I have good-naturedly been called a "lunatic" in TV interviews and on radio, a gentle fobbing off. The labels 'snake oil', New Age, voodoo, hocus pocus, lunatic etc become par for the course amongst skeptics who, rather than investigate the orbits and behaviour of the Moon and correlate that to weather events in any scientific way, find it easier to guffaw and smirk - a process some might call job protection. Well, I suppose everyone has to eat.
Including, of course, Mr Ring. Mr Ring provides a free shortterm forecast for Sydney. Of course, this is not meant to be taken literally and, in fact, elsewhere he gives nine reasons why his forecasts are not 100% accurate including that postmodernist chestnut
Bearing in mind all the above will lead to a fairer analysis, but the interpretation is still the responsibility of the analyser and not the method.
What is the purpose or use of the "method" then? Ensuring Mr Ring is able to eat?
Bearing in mind that Mr Ring absolves himself from all responsibility for accuracy in his forecasts (a fundamental requirement, EoR would have imagined, for a forecast to be any use would be accuracy at least), and that EoR's not going to go on at any length (so he's deliberately only selecting a small sample), here are Mr Ring's 'predictions' for Sydney for the first few days of August, and the actual records from the Bureau of Meteorology.
- 1st: Mainly fine, but turning to rain developing later in the day/evening, moderate breezes.
Rain: 0; wind: W 20km/h to E 13km/h, cloud: 1/8th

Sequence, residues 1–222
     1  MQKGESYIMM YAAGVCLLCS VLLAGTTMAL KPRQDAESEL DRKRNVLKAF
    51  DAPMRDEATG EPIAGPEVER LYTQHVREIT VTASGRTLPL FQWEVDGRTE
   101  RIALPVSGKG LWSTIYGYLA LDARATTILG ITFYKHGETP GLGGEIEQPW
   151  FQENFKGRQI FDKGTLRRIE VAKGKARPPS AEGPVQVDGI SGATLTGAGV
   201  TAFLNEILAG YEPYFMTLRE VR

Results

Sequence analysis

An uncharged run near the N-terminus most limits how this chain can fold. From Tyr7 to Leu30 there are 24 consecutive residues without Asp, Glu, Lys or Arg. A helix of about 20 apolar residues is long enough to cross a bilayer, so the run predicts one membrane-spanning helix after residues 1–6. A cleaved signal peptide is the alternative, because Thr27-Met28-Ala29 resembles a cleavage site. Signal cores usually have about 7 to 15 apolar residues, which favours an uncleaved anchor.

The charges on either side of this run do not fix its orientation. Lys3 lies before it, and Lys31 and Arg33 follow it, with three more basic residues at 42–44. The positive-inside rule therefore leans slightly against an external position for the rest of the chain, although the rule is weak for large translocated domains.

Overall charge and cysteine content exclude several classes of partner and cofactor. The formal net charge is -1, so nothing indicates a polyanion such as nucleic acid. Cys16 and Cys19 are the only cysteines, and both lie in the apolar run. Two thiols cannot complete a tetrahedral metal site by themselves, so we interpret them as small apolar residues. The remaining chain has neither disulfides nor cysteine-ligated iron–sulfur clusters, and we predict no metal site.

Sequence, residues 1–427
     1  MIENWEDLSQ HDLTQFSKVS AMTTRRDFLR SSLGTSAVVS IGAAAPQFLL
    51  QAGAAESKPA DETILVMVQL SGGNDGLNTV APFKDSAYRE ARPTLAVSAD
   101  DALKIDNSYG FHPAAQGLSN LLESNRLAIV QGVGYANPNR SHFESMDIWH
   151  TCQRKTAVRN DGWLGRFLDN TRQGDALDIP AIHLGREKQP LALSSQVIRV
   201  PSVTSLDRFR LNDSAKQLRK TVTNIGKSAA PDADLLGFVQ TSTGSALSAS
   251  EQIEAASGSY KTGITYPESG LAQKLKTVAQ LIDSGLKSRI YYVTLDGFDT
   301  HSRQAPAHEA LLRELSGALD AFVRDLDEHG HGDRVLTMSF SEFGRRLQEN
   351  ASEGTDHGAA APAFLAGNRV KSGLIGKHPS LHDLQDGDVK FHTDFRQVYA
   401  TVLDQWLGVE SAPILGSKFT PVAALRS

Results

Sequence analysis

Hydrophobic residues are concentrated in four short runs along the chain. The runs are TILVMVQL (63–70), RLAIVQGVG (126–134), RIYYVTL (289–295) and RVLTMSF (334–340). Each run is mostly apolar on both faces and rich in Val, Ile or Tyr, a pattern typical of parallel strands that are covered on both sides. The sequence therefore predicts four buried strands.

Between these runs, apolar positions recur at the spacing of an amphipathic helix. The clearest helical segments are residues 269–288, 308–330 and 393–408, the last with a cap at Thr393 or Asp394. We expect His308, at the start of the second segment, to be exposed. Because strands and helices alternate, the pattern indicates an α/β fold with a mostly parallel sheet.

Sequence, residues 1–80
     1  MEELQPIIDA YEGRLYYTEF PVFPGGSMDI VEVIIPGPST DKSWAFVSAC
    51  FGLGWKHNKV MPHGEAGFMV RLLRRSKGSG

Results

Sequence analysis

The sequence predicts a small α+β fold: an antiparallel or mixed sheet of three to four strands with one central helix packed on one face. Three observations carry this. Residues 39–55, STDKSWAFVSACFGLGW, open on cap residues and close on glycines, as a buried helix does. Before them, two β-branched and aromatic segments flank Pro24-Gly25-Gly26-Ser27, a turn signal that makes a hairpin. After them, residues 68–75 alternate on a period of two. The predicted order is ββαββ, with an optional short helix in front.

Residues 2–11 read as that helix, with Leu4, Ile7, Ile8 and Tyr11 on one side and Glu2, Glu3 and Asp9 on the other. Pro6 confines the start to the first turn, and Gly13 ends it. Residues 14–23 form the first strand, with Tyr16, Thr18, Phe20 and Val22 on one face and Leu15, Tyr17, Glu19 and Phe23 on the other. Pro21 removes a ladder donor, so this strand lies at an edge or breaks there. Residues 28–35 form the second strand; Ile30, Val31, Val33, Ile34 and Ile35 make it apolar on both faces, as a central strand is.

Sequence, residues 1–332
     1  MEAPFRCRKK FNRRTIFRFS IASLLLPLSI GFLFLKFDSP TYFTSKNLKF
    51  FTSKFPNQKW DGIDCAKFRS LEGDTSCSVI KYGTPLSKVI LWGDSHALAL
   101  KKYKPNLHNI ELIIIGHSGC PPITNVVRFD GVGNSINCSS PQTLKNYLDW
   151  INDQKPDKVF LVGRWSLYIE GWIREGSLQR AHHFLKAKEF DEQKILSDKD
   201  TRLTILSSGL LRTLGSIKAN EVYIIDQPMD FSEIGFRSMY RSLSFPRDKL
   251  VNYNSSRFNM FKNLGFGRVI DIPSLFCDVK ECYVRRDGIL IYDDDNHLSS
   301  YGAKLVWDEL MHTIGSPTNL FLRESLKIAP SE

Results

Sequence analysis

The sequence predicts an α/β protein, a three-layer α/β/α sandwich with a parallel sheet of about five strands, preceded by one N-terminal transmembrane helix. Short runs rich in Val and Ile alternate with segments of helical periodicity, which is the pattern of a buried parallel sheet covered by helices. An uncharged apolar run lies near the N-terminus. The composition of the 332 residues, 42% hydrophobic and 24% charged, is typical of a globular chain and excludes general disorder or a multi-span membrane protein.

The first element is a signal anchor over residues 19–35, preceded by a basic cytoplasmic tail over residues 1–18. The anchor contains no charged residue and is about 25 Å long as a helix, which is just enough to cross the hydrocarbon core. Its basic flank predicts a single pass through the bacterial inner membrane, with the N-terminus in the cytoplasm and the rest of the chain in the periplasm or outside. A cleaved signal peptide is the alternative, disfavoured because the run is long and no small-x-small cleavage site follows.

- 2nd: Morning showers likely, cloudy, moderate breezes, thunderstorm potential.
Rain: 0; Wind W 20km/h to WNW 7km/h, cloud: 7/8th
- 3rd: Showers, threatening rain, partly cloudy, (storm brewing).
Rain: 0, wind W 20km/h to E 13km/h, cloud: 1/8th
- 4th: Moderate to high winds, thunderstorms, occasional heavy rain.
Rain: 6.8mm, wind: SSE 22km/h, cloud: 8/8th
So, does that indicate any accuracy, other than guessing? EoR suspects not, though Mr Ring's very vague language covers a lot of ground (but also means his 'forecasts' are also pretty meaningless). What, exactly does "partly cloudy" mean? Yes, there was 1/8th cloud cover that day, but then, this is winter, and some cloud cover would be expected. His rain forecasts were less than chance. Wind forecasts range from "moderate" to "high" over the period, but the actual figures show no real differences. And what is "thunderstorm potential"? How can he get that wrong? Either there was a thunderstorm (in which case, the "potential" was fulfilled) or there wasn't (in which case the "potential" wasn't fulfilled). It's like the psychics predictions that "you may be having a minor operation in the future".
In the grand tradition of repressed geniuses, Mr Ring also denies global warming (which must be why his Links page seems to consist solely of commercial links to ski resorts) and the nonsense that is ozone depletion.